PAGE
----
There were some patterns of definition statements. First of all, as patterns common to medical device problem and patient problem, whether there are punctuation marks or not. Secondly, various expressions were used to describe the same concept, such as “a state in which the ventricle of the heart trembles” and “convulsions” in “ventricular fibrillation.” Additionally, as to the specific pattern in medical device problem, some definitions included the cause of the adverse event and the others did not include it, such as “blown fuse.” As to the specific pattern in patient problem, one is whether the cause of the patient problem is included or not as well as the medical adverse event, another is the cause of the patient problem is different, such as “extended operation time,” the other is whether to include a countermeasure for patient problem or not, such as “iridocele.” Those who use the JFMDA terminology may be confused if multiple definitions are given to one term. Therefore, if plural definition statements express the same concept, they should unify the description. If not, constructors should use different terms.
There are international terminologies for medical devices related to adverse events, especially IMDRF, a voluntary group of medical device regulators from around the world that has constructed the terminology to accelerate international medical device regulatory harmonization and convergence . Multilingual terminology mapping is an important process of finding correspondences between terminologies in different languages to allow these to be mutually understandable.
In JFMDA terminology 1st edition, mapping between the preferred terms and CDRH-NCIt terms was conducted manually by the industry associations. The result of an inconsistency detection survey using SPARQL showed that there were 160 preferred terms in JFMDA which appear in two or more CDRH-NCIt terms in medical device problems, and there were 95 among patient problems. This may be due to differences in the interpretation of CDRH-NCIt terms among industry associations. However it is also possible that the Japanese concept and the English concept do not exactly match. In ontology, there are two main strategies for alignment: direct and indirect alignment. The direct alignment is translation-based and uses external resources to help with the translation, while the indirect alignment uses intermediary mapping between the source and target ontologies. In addition, mapping two ontologies can be an automated or manual process . Manual mapping is still the most common choice, but it necessitates a large team of experts; it is time consuming and prone to errors. Meanwhile, automated methods use publicly available terminology resources, but the sources of these are largely incomplete outside of the English speaking world . To improve inconsistencies, it is being considered to reduce the human and time resources required and ensure accuracy using the following process: translating the international (not available in Japanese) terminology into Japanese, performing automatic mapping using machine learning, and confirming the results manually.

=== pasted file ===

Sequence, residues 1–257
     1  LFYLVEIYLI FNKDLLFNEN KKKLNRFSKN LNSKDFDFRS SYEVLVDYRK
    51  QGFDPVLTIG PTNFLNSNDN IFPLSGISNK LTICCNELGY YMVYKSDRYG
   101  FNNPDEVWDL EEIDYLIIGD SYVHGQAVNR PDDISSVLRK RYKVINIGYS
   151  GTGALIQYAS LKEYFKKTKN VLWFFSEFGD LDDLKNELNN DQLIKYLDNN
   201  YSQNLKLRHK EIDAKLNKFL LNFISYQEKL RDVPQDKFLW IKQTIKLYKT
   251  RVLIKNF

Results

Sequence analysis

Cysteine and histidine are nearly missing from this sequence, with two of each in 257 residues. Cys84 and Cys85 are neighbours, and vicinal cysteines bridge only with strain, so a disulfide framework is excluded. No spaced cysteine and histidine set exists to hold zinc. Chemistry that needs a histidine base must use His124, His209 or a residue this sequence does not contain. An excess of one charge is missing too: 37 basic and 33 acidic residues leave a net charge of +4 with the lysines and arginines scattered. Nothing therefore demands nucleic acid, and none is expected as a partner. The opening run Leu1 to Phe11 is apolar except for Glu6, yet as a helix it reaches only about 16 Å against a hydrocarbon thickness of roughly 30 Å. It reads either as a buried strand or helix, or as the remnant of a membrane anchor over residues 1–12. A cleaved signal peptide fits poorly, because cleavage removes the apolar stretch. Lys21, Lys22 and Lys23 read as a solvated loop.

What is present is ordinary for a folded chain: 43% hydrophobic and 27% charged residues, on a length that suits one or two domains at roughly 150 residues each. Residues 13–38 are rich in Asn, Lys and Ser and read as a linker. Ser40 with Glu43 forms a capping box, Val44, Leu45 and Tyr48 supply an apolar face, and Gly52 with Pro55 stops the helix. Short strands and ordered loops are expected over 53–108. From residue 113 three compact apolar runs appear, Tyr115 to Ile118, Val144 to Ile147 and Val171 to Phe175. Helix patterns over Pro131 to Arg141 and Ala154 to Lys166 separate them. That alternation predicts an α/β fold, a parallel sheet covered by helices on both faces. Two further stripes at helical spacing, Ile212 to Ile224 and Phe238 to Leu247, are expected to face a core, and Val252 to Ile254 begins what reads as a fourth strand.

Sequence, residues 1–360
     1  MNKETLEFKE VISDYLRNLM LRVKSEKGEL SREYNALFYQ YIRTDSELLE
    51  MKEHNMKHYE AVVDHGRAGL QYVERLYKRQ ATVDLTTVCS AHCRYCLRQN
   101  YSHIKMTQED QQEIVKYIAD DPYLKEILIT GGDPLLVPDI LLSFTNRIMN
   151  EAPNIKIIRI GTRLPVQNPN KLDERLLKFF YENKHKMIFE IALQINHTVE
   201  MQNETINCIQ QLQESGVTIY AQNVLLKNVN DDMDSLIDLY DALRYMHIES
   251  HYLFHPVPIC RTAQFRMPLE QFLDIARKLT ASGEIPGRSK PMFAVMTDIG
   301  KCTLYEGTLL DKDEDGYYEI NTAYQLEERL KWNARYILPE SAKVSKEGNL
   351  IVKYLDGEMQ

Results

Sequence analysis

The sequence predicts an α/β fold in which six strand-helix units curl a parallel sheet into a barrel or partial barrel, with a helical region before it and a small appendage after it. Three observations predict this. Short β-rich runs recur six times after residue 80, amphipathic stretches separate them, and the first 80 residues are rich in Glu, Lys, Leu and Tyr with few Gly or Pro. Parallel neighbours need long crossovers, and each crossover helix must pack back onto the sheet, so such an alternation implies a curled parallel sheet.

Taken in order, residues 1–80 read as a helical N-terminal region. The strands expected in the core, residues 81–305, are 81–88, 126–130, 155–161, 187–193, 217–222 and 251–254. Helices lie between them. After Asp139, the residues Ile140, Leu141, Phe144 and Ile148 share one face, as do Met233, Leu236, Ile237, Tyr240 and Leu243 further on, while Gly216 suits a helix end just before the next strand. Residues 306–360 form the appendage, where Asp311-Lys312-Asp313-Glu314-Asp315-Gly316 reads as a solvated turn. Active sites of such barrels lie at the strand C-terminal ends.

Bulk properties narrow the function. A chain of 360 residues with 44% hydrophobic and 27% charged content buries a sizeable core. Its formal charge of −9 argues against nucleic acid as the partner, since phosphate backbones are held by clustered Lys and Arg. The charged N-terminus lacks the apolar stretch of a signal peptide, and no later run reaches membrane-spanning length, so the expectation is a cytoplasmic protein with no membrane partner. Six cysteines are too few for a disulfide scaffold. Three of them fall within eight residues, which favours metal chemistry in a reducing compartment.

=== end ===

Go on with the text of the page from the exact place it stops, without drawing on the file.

Whether a term among medical device problems is included in patient problems
There were 8 terms which are present among both medical device problems and patient problems. These terms share the concept, but depending on the situation where they are used, the subject can be the device or the patient. Therefore, this term was included among both medical device problems and patient problems. However, if the same notation is used, there is a problem that the hierarchies of terms in medical device problem, and those in patient problem are exchanged in mapping by RDF. Therefore, it is necessary to change the notation such as “damage (medical device problem)” and “damage (patient problem)” to distinguish both.